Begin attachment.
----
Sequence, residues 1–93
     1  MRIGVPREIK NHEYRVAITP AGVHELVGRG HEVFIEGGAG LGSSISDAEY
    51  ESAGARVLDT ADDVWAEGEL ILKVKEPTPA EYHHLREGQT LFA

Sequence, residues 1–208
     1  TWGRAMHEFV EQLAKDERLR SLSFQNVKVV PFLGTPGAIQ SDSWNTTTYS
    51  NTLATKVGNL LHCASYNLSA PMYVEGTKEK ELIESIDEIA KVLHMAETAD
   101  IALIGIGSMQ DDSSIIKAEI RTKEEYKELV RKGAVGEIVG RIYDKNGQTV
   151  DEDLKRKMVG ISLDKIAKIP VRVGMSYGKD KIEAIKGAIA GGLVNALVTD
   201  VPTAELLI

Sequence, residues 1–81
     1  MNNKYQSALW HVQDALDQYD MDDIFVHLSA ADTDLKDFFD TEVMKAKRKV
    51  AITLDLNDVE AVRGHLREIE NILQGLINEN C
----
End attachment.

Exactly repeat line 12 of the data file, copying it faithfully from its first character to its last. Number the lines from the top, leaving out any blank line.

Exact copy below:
    51  AITLDLNDVE AVRGHLREIE NILQGLINEN C